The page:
In a slightly smaller role was Greg Martin (FB)’s Mr. Maraczek. He brought the right amount of gruffness and tenderness to the role, and was fun to watch.

Rounding out the cast in small named roles and ensemble positions were Carolyn Carothers (FB) [Parfumerie Customer, Cafe Patron]; Cy Creamer (FB) [Keller]; Phil Crowley [Headwaiter]; Tyler Joseph Ellis (FB) [Busboy, Arpadu/s]; Rachel Geis [Parfumerie Customer, Cafe Patron]; and Carly Lopez (FB) [Parfumerie Customer, Cafe Patron]. All were fun to watch, especially the mix in the 12 Days to Christmas sequence. The customers, in particular, brought some interesting and different characterizations to their tracks each time they appeared.

Understudies were Lea Madda (FB) [Ilona Ritteru/s]; and Susanna Vaughan (FB) [Amalia Balashu/s].

The biggest difference from the Chance production was the orchestra. Whereas Chance had a single piano and gypsy violin, Actors Co-Op had 6 pieces: Keyboards (Anthony Lucca, who also served as conductor); Violin (Miyuki Miyagi); Cello (Cyrus Elia); Reeds (Austin Chanu); Trumpet (Nathan Serot); and Percussion (Ian Hubbell). The orchestra had good sound, although a few notes sounded a bit off.

Turning to the technical and production: Stephen Gifford (FB)’s set design was, as usual, elegant and worked well within the confines of the Schall Theatre space. It was supported by Lori Berg (FB)’s property design. Michael Mullen (FB)’s costume design also worked well in conjunction with Klint Flowers wig, hair, and makeup. Sound design was by Adam R. Macias, with lighting by Luke Moyer (FB).  Derek R. Copenhaver (FB) was the stage manager, assisted by  James Ledesma (FB). Other credits:  Heather Chesley (FB) [Artistic Chairwoman];  Selah Victor (FB) [Production Manager]; Nora Feldman [Publicity].

She Loves Me continues at Actors Co-op (FB) through December 16, 2018. It’s a cute show; you’ll enjoy it. Tickets are available through the Actors Co-Op Website; discount tickets may be available through Goldstar.

***

Ob. Disclaimer: I am not a trained theatre (or music) critic; I am, however, a regular theatre and music audience member. I’ve been attending live theatre and concerts in Los Angeles since 1972; I’ve been writing up my thoughts on theatre (and the shows I see) since 2004. I do not have theatre training (I’m a computer security specialist), but have learned a lot about theatre over my many years of attending theatre and talking to talented professionals. I pay for all my tickets unless otherwise noted. I am not compensated by anyone for doing these writeups in any way, shape, or form. I currently subscribe at 5 Star Theatricals (FB), the Hollywood Pantages (FB), Actors Co-op (FB), and the Ahmanson Theatre (FB). Through my theatre attendance I have made friends with cast, crew, and producers, but I do strive to not let those relationships color my writing (with one exception: when writing up children’s production, I focus on the positive — one gains nothing except bad karma by raking a child over the coals). I believe in telling you about the shows I see to help you form your opinion; it is up to you to determine the weight you give my writeups.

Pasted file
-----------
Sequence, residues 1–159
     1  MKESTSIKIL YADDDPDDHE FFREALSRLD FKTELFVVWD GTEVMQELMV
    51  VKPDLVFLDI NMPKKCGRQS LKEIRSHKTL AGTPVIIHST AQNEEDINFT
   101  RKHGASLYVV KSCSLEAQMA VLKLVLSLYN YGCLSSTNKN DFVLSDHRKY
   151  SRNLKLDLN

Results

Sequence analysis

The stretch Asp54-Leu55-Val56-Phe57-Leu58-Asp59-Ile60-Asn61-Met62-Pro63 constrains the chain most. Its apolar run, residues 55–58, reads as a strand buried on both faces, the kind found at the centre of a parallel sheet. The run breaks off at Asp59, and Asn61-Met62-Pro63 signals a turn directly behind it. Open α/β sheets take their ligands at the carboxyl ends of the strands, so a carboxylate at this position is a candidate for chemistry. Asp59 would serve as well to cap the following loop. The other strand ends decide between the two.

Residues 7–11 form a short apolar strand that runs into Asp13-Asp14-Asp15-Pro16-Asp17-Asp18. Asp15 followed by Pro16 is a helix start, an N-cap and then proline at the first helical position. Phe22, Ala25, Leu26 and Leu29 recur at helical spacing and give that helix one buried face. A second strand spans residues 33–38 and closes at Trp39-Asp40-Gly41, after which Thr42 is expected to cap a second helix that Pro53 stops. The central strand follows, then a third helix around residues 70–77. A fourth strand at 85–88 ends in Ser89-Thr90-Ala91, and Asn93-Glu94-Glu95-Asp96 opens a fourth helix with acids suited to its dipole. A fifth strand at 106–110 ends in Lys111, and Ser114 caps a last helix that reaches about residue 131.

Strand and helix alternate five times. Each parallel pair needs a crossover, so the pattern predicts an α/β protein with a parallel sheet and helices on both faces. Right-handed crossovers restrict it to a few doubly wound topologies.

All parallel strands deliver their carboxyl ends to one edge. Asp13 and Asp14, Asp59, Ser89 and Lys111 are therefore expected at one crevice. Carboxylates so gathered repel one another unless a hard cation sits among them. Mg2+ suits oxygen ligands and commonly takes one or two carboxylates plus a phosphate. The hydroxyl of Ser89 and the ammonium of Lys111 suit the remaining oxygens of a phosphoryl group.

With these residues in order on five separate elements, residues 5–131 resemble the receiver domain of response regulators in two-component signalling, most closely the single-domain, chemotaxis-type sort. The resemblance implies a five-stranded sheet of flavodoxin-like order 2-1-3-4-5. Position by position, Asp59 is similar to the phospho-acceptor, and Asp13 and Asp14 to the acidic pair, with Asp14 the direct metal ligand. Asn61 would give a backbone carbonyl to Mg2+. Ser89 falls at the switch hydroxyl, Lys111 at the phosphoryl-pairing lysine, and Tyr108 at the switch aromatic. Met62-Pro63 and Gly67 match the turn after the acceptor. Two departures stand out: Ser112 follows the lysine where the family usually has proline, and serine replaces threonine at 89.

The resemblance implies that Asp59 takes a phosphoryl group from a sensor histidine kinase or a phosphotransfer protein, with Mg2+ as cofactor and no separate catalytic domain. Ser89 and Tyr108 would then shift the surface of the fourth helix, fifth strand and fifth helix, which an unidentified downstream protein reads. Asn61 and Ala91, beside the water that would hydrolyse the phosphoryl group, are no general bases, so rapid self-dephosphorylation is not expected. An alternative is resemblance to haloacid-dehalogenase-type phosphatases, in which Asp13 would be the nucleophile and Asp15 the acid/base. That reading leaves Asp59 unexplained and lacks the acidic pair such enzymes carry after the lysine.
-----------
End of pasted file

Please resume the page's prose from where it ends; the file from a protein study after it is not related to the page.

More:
Upcoming Shows:

Next weekend is very busy: Dear Even Hansen at the Ahmanson Theatre (FB) and A Bronx Tale at the Hollywood Pantages (FB), as well as A Day Out With Thomas at Orange Empire Railway Museum (OERM) (FB). The third weekend of November brings Beyond Jacobs Ladder from Jewish Woman’s Theatre (FB) at our synagogue on Saturday, and Finks at Rogue Machine Theatre (FB) on Sunday. Thanksgiving weekend has Steambath at the Odyssey Theatre Ensemble (FB) on Saturday and Remembering Boyle Heights at Casa 0101 (FB) in Boyle Heights on Sunday. December starts with the Annual Computer Security Applications Conference (ACSAC), followed by a hold for the Canadian Brass at the Saroya [the venue formerly known as the Valley Performing Arts Center (VPAC)] (FB). Then we may travel up to the Bay Area for Tuck Everlasting at TheatreWorks Silicon Valley (FB) (although that is starting to look less likely).

January is much more open, especially after the postponement of Bat Out of Hell at the Ahmanson Theatre (FB). Right now, all there is is a Nefesh Mountain concert at Temple Judea and a hold for the Colburn Orchestra at the Saroya [nee the Valley Performing Arts Center (VPAC)] (FB) but the rest of the month is currently open (as few shows run in January due to complicated rehearsals over the holidays). We’ll keep our eyes open. February starts with the Cantor’s Concert at Temple Ahavat Shalom (FB), Hello Dolly at the Hollywood Pantages (FB), and Anna Karenena at Actors Co-op (FB).  There’s also a HOLD for 1776 at the Saroya [nee the Valley Performing Arts Center (VPAC)] (FB), and Lizzie at the Chance Theatre, but much of February is also open.

As always, I’m keeping my eyes open for interesting productions mentioned on sites such as Better-LemonsMusicals in LA@ This StageFootlights, as well as productions I see on GoldstarLA Stage TixPlays411 or that are sent to me by publicists or the venues themselves. Note: Lastly, want to know how to attend lots of live stuff affordably? Take a look at my post on How to attend Live Theatre on a Budget.

 

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🎶 My One Band is the One True Band | “Austin Lounge Lizards” @ Boulevard Music